This post is part of a series of articles on the new TFS Build vNext System.
So I’ve talked before about how the new cross platform build system in TFS 2015 and Visual Studio Online is fully extensible and allows you to create your own custom build tasks but it isn’t immediately obvious how to do it.
I’ll would like to walk through an end to end example creating a custom vnext build task to run a SQL script as part of the build
The tasks for build vNext are open source and Microsoft is accepting contributions so if you write a really nice and useful task it could be included in every Visual Studio Online account.
The first port of call is the GitHub page that hosts the code for the standard Microsoft Build Tasks, fork and clone this and you will find the code for all the existing build tasks. I created a new folder, SqlScript, for my new sql script build task, and it is in here I’ll add the code to create the task.
Anatomy of a vNext Build Task
Each task is defined by a .json file. This file defines the task meta data such as name, version etc and also defines the task GUI that is displayed in the web portal when editing builds. Lets take a look at thefile for the sql script task.
HTML 1 - TRACEY
The first section defines some simple meta data such as a unique guid identifier, name, version, author etc.
Then we start to define the GUI with the ‘inputs’ section, we can also organise inputs into custom group sections using the ‘groups’ section. It’s quite simple and the best way to get an idea is to just look at other tasks and see how they have been defined.
Here’s my implementation of the sql script task in powershell. Note how the script parameters I use match the inputs I defined in thefile.
HTML 2 - TRACEY
Building your Task
The build process for Build vNext tasks uses Gulp. So if you haven’t already, set up node on your machine. Then run
HTML 3 - TRACEY
from the root of the project directory, this will pull down all the node and gulp dependencies for the web. Finally, simply run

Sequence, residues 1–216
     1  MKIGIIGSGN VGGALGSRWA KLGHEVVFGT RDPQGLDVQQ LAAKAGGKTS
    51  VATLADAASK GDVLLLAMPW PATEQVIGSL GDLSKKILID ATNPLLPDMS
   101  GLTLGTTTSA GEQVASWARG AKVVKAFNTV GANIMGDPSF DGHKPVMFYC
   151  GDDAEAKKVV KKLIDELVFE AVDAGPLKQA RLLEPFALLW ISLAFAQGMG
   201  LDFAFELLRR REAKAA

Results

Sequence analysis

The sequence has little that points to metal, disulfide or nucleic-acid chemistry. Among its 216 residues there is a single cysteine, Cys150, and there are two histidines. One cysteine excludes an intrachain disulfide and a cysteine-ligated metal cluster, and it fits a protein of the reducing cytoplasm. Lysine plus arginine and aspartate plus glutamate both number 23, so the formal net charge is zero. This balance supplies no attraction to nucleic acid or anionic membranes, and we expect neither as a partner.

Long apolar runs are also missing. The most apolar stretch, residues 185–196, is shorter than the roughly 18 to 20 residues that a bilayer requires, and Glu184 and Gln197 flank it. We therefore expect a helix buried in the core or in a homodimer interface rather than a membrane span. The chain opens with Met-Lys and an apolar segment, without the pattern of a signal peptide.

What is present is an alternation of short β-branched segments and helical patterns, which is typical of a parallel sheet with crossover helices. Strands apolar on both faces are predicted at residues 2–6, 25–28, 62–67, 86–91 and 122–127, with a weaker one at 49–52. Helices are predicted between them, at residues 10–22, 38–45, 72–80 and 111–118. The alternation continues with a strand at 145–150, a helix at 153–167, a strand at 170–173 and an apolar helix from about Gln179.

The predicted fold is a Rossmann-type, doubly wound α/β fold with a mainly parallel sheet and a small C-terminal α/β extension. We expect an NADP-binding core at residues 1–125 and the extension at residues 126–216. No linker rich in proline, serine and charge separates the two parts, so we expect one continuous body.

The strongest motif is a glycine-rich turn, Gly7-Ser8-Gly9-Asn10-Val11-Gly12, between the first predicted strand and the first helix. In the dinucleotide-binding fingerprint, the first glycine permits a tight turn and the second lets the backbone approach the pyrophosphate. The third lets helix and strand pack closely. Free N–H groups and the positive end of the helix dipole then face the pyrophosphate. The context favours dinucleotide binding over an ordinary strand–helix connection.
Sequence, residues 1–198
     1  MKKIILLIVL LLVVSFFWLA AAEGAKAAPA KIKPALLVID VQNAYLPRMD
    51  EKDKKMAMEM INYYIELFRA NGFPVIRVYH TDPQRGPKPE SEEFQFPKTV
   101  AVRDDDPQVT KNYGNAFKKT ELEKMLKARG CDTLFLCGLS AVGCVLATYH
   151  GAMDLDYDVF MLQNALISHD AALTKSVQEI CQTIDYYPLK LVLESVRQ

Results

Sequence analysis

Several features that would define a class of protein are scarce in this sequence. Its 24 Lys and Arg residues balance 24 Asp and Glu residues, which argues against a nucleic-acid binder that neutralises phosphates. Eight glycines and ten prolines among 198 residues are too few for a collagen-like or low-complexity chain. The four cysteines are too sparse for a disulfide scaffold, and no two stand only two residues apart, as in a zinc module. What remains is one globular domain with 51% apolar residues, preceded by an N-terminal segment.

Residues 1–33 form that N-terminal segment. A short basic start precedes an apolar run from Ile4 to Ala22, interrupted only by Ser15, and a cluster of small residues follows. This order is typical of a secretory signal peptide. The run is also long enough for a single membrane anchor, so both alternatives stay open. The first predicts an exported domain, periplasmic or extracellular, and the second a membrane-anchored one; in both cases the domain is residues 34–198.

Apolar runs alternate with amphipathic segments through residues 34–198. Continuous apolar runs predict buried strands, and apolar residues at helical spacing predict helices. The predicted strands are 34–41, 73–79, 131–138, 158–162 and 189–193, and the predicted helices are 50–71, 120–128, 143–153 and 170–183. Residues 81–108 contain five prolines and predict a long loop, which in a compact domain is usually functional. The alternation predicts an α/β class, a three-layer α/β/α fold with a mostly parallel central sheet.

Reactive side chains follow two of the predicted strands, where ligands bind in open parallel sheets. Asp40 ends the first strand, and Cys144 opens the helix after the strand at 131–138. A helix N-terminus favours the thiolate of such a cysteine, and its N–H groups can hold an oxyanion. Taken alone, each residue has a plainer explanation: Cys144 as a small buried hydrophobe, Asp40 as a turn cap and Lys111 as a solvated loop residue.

HTML 4 - TRACEY
from a command line at the root of the project directory. This will create a _build directory where all the tasks will be copied to ready for uploading into TFS/VSO. Note it also creates afile and country specific resource files that will be used for language localisation, if you need to support that.
Uploading your Task
It’s not obvious how to do this, but looking at the project I can see a TaskUploader folder and script (written in typescript) and further looking in theI can see a build task called simply ‘uploader’. So I try running
HTML 5 - TRACEY
HTML 6 - TRACEY
Which leads me to try the following to upload my task into Visual Studio Online
HTML 7 - TRACEY
Doing so, you should get prompted for your alternate credentials and finally you will see your new task available from the web portal.
A few things to note:
- Tasks are server wide (shared across all projects and project collections)
- When you update an existing task be sure to increase the version number. Failing to do so means your agents will not downland the latest version
- Builds will always use the latest version of your task. If you need to support multiple versions of your task you will need to upload several versions of it under different names and guids.
Sql Script Task in Action
We can configure the task as follows. Instead of leaving the database password in plain text in the task, I create an encrypted variable for the password and reference the variable in the task.
By Hamada Shatha - Consultant
Originally published on shiningdragon.net